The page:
Because whether you want to admit it or not….we have a serious problem and none of us are safe. Wishing it was different won’t make it so. Doing the work, making the hard decisions, risking your friendships, your constituents, your donors, even your job, doing the work is the only thing that will cause change.

Change is hard.

I’ll give you one image from my time away. The sunset we watched on the day those innocents died. Now I can see how it represented that day, and the way our country, maybe even us as individuals, are split, shadowing the light that is our democracy.

We need to do the hard work necessary to make that light shine bright again.


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Backyard spectacular

I’m so excited by the birds in my backyard. Some come every day, no matter the weather.

“I hope she’s provided a better quality jelly this morning.”

Some only show themselves to me for moments…

“Please note my subtle beauty.”

…in all their finery.

“I know it’s hard not to stare at me.”

And this one has only visited once and luckily I was standing in the window with my camera.

“Do you see me?”

If I could, I’d stand all day long at my windows with the camera.

“I’ll pose for you!”

Pretty amazing.


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Looking for spring

Last weekend I got to enjoy a walk in the park with my aunt. And here another weekend is approaching and I haven’t shared with you what we found.

I guess I better get cracking.

A perfect spring day spent out in the woods.

We went to Hudson Mills, a park over near Dexter Michigan, not so far from where she lives, but far enough away we don’t get there very often. It reminded me quite a lot of my favorite park, Kensington, and in fact it’s part of the same park system.

Such wonderful light falling through the new leaves.

There was a paved bike/walking path, and then lots of wooded nature trails to explore. We walked some of my aunt’s favorite trails, looking for evidence of spring, especially a particular dogwood tree she enjoys every year .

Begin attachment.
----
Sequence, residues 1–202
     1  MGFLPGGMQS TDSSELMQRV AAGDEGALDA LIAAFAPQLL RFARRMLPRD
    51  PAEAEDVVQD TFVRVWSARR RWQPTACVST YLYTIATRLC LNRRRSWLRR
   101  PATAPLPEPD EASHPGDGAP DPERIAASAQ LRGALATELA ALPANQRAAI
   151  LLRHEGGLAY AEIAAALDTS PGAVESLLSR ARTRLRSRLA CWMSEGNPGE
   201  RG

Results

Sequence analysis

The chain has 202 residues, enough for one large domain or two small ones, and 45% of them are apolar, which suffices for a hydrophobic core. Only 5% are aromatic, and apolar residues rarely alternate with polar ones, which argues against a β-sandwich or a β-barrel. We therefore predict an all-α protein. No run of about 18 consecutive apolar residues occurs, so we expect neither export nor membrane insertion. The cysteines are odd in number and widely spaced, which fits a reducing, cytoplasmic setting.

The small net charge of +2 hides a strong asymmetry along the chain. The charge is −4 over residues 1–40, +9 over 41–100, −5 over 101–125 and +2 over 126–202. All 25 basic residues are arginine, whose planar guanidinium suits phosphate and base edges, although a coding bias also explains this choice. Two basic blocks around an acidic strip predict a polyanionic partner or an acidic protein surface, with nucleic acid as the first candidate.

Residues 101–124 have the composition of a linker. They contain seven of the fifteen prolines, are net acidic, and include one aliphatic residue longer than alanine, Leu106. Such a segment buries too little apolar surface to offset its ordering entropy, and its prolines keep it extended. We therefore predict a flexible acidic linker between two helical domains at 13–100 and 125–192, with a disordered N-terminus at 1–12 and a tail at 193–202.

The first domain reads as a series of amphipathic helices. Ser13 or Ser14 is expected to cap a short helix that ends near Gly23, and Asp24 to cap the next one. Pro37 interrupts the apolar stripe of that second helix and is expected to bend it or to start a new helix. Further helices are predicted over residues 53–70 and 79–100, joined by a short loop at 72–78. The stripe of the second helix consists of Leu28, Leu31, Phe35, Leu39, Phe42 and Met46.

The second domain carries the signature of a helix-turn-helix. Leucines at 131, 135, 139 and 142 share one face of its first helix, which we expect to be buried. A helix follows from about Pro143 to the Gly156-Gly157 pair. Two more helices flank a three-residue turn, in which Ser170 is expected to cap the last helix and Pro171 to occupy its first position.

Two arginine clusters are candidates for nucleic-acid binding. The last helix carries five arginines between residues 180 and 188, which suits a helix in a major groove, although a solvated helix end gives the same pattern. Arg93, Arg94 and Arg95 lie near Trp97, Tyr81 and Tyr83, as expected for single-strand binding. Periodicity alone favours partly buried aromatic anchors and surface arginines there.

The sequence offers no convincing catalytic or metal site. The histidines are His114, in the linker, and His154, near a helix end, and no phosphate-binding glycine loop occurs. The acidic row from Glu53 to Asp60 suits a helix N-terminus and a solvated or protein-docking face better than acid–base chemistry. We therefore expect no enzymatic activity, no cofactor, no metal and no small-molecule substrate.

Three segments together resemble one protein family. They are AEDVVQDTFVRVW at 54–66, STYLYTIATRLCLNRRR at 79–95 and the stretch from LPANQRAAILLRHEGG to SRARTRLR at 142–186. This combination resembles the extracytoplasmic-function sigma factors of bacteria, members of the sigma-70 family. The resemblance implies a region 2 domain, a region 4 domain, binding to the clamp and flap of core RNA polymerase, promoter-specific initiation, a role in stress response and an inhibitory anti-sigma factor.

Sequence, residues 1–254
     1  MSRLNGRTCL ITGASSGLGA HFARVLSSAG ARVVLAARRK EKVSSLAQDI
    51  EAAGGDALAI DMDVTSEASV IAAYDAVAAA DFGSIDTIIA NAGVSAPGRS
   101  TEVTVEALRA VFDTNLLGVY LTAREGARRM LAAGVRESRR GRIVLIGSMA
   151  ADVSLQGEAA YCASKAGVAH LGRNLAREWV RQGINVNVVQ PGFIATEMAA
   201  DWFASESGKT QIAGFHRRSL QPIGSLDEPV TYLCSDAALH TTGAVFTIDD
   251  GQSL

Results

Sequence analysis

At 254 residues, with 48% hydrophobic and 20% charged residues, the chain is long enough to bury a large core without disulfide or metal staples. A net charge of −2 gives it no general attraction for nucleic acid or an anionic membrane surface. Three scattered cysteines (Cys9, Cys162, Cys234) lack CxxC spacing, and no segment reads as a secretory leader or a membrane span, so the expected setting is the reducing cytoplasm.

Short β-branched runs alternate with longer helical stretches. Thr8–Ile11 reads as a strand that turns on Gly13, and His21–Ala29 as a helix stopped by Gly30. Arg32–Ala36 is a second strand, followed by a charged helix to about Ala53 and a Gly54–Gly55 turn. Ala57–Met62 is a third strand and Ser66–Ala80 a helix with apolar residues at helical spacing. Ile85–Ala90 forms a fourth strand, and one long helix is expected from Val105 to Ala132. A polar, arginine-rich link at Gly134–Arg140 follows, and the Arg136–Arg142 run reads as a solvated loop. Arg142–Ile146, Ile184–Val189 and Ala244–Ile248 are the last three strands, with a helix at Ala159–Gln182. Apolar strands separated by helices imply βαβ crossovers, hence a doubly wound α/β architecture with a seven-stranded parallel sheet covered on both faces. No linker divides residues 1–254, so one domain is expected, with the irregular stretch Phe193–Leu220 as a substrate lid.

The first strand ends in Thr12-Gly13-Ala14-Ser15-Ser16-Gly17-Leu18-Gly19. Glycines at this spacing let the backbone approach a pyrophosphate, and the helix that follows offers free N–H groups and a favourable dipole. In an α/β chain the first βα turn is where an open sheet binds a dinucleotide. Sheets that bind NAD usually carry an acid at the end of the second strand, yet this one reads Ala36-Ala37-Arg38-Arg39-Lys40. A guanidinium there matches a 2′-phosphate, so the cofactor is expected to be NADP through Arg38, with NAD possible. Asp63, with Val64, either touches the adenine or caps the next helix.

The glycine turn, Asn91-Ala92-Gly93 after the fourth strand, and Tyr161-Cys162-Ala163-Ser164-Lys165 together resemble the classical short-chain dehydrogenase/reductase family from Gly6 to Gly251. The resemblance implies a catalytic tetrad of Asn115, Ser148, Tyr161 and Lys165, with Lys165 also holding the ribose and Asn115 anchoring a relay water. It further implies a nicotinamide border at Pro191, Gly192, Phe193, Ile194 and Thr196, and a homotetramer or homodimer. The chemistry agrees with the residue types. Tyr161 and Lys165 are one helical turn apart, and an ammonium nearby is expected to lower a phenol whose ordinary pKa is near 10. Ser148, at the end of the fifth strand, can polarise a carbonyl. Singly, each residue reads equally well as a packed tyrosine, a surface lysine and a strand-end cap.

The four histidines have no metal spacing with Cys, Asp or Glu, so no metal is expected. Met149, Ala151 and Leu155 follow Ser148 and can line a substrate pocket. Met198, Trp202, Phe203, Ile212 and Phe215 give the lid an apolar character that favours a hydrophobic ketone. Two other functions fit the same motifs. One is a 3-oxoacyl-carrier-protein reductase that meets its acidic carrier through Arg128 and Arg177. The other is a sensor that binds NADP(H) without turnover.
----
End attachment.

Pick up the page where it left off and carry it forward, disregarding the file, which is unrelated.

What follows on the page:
We found her dogwood in full bloom, shining in the morning light.

Luckily for us we had sunshine and slightly warm temperatures for our walk. Perfect. These are trails she knows well, and she knew just where to look for the early wildflowers too.

Spring beauty, so delicate with it’s pink stripes, was everywhere.

We walked in the dappled shade of newly leafed trees and watched the ground intently for surprises.

A trillium hides waiting to be discovered.

You could walk right past many of these wonderful bits of spring. But if you’re vigilant, you’ll see very special things.

My mom loved these jack-in-the-pulpit plants. Later in the season there will be red berries too.

It was so much fun when one or the other of us found something special and explained “Look!”

Wild geranium added color.

There was something to see no matter where we looked.

Tiny, deep purple, violets made us smile.

You could spend hours wandering these nature trails any time of the year and see beautiful things.

Purple is such a great color for spring!

We had such a good time walking in the woods together.

Walking just for the sheer joy of being out there.

And when we headed back to the car, we ran into a goose family with one little one trying to be grown up before he or she was old enough to care.